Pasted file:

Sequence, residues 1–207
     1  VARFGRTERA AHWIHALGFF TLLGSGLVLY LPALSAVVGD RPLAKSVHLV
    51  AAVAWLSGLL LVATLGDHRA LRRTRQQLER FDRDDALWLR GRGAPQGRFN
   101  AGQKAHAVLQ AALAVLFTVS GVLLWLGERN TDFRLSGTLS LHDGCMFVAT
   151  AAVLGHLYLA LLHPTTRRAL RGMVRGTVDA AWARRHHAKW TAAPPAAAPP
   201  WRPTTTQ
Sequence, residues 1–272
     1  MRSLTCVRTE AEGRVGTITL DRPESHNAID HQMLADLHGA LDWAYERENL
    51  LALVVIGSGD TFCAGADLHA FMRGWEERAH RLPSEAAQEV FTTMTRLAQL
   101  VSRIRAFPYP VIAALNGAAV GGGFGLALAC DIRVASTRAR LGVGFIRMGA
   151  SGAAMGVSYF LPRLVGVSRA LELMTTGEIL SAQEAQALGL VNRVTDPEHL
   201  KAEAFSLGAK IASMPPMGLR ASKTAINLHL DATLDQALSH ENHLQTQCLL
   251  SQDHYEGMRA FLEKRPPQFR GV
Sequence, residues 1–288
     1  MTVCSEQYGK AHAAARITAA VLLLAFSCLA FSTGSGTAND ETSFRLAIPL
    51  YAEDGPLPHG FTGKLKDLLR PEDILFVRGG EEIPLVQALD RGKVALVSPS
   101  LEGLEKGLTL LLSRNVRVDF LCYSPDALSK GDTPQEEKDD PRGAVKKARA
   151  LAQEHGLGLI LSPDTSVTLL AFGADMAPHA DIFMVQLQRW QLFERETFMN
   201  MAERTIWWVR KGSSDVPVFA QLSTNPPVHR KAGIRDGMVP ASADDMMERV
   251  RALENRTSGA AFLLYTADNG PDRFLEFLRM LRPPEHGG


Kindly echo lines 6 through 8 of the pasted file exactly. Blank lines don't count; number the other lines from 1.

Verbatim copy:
   201  WRPTTTQ
Sequence, residues 1–272
     1  MRSLTCVRTE AEGRVGTITL DRPESHNAID HQMLADLHGA LDWAYERENL